March 12th, 2007 by Ivan Uzunov

Creating thumbnails with .NET is really simple task. You have to call only one method Image.GetThumbnailImage(). The problem is that the quality of the created image is really poor. So I’ve started googling around and the result is this GenerateImageThumbnail() function:

    public static void GenerateImageThumbnail(Stream streamImage, string sThumbnailImagePath, int nMaxWidth, int nMaxHeight)

    {

        Image oImage = Image.FromStream(streamImage);

        GenerateImageThumbnail(oImage, sThumbnailImagePath, nMaxWidth, nMaxHeight);

    }

    public static void GenerateImageThumbnail(string sImagePath, string sThumbnailImagePath, int nMaxWidth, int nMaxHeight)

    {

        Image oImage = Image.FromFile(sImagePath, true);

        GenerateImageThumbnail(oImage, sThumbnailImagePath, nMaxWidth, nMaxHeight);

    }

    public static void GenerateImageThumbnail(Image oImage, string sThumbnailImagePath, int nMaxWidth, int nMaxHeight)

    {

        float fRatio = 1;

        int nWidth = oImage.Width;

        int nHeight = oImage.Height;

       

        //calculate the thumb image size if needed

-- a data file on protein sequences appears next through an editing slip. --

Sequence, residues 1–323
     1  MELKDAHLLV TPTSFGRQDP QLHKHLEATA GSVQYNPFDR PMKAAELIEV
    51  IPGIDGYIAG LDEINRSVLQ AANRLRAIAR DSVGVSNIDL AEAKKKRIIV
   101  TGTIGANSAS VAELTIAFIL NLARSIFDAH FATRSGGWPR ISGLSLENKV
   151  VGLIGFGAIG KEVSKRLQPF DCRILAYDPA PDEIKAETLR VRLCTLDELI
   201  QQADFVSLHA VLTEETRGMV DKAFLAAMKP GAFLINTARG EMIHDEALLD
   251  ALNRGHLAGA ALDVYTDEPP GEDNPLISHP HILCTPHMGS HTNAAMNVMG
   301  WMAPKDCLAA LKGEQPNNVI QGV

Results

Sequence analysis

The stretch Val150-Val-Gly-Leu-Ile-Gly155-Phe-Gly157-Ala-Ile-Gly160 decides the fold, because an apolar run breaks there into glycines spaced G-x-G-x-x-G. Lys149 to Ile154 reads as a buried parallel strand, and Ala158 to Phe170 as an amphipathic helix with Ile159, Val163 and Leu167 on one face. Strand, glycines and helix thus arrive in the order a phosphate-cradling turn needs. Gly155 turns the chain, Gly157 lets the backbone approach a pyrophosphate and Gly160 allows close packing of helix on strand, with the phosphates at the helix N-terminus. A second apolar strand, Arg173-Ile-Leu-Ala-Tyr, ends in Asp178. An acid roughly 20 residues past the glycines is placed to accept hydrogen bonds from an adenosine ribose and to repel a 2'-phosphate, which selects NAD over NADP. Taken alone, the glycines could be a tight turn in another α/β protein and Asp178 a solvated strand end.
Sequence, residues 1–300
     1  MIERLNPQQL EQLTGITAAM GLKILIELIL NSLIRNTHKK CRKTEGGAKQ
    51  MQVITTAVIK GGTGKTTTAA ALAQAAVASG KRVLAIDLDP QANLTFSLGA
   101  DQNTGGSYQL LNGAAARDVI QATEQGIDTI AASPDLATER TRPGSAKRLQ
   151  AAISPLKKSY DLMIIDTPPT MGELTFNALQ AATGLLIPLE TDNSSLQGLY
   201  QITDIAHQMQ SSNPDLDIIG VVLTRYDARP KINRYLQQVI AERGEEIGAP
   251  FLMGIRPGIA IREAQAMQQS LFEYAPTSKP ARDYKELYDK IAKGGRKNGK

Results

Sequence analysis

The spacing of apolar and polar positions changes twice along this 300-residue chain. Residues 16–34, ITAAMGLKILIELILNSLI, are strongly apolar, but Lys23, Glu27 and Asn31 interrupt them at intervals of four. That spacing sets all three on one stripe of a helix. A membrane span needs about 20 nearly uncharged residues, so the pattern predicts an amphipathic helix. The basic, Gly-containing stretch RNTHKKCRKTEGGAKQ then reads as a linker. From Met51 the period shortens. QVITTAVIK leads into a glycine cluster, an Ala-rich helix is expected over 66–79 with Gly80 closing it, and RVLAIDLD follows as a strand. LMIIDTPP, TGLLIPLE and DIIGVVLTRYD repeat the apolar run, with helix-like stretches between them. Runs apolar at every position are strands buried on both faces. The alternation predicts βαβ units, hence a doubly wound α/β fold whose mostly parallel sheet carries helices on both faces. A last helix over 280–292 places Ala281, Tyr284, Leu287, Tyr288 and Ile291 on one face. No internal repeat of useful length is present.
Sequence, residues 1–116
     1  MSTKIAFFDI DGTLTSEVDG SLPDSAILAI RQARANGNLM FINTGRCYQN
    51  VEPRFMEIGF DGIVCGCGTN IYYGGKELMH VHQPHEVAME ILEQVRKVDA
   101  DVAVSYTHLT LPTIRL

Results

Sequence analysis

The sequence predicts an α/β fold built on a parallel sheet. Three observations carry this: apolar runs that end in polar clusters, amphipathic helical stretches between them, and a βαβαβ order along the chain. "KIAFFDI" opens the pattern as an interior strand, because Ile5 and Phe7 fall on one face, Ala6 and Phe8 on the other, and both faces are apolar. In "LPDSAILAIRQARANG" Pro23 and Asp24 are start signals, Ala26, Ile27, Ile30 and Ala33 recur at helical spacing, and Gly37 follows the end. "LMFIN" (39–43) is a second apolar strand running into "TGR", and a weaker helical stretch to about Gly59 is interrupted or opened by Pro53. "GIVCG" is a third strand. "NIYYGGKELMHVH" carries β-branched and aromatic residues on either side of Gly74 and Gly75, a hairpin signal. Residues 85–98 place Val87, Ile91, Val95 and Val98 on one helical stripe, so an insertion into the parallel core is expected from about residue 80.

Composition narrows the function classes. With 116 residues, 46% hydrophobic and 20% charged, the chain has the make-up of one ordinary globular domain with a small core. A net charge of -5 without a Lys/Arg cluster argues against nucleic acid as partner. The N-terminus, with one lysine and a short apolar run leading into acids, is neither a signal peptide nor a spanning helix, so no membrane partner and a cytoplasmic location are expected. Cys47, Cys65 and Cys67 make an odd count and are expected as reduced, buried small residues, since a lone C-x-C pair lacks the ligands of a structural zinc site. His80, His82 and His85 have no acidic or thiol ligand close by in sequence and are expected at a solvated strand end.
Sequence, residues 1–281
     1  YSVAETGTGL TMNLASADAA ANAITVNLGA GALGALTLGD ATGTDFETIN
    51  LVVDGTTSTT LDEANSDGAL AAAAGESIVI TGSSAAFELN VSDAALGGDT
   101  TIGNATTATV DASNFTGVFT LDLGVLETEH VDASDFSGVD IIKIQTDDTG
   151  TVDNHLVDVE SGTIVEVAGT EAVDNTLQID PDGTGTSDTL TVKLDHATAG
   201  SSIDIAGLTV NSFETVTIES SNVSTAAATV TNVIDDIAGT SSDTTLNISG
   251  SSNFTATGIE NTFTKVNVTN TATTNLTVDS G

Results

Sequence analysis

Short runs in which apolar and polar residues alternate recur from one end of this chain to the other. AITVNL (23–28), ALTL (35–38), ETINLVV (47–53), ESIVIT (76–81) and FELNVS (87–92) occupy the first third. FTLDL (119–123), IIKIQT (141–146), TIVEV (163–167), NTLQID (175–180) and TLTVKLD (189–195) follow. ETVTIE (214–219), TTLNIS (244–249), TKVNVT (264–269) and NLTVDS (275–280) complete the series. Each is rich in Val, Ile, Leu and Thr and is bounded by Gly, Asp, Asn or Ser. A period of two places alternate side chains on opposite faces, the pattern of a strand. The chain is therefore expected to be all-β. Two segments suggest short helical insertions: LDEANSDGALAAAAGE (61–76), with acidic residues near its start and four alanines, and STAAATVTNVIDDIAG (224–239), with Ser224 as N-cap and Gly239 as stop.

if (oImage.Width > nMaxWidth || oImage.Height > nMaxHeight)

        {

            if (oImage.Width >= oImage.Height)

            {

                fRatio = ((float)oImage.Height) / ((float)oImage.Width);

                nWidth = nMaxWidth;

                nHeight = Convert.ToInt32(nMaxHeight * fRatio);

            }

            else

            {

                fRatio = ((float)oImage.Width) / ((float)oImage.Height);

                nWidth = Convert.ToInt32(nMaxWidth * fRatio);

                nHeight = nMaxHeight;

            }

        }     

         //create the thumbnail ans set it’s settings

        Image oThumbnail = new Bitmap(nWidth, nHeight);

        Graphics oGraphic = Graphics.FromImage(oThumbnail);

        oGraphic.InterpolationMode = InterpolationMode.HighQualityBicubic;

        oGraphic.SmoothingMode = SmoothingMode.HighQuality;

        oGraphic.PixelOffsetMode = PixelOffsetMode.HighQuality;

        oGraphic.CompositingQuality = CompositingQuality.HighQuality;

        oGraphic.DrawImage(oImage, 0, 0, nWidth, nHeight);

        //save the thumbnail

        if (DefineImageType(sThumbnailImagePath) == ImageFormat.Gif)

        {

            using (oThumbnail)

            {

                ImageManipulation.OctreeQuantizer quantizer = new ImageManipulation.OctreeQuantizer(255, 8 );

               

                using (Bitmap bmpQuantized = quantizer.Quantize(oThumbnail))

                {

                    bmpQuantized.Save(sThumbnailImagePath, ImageFormat.Gif);

                }

            }

        }

        else

        {           

            ImageCodecInfo[] iciInfo = ImageCodecInfo.GetImageEncoders();

            EncoderParameters encoderParameters;

            encoderParameters = new EncoderParameters(1);

            encoderParameters.Param[0] = new EncoderParameter(Encoder.Quality, 100L);

            oThumbnail.Save(sThumbnailImagePath, iciInfo[1], encoderParameters);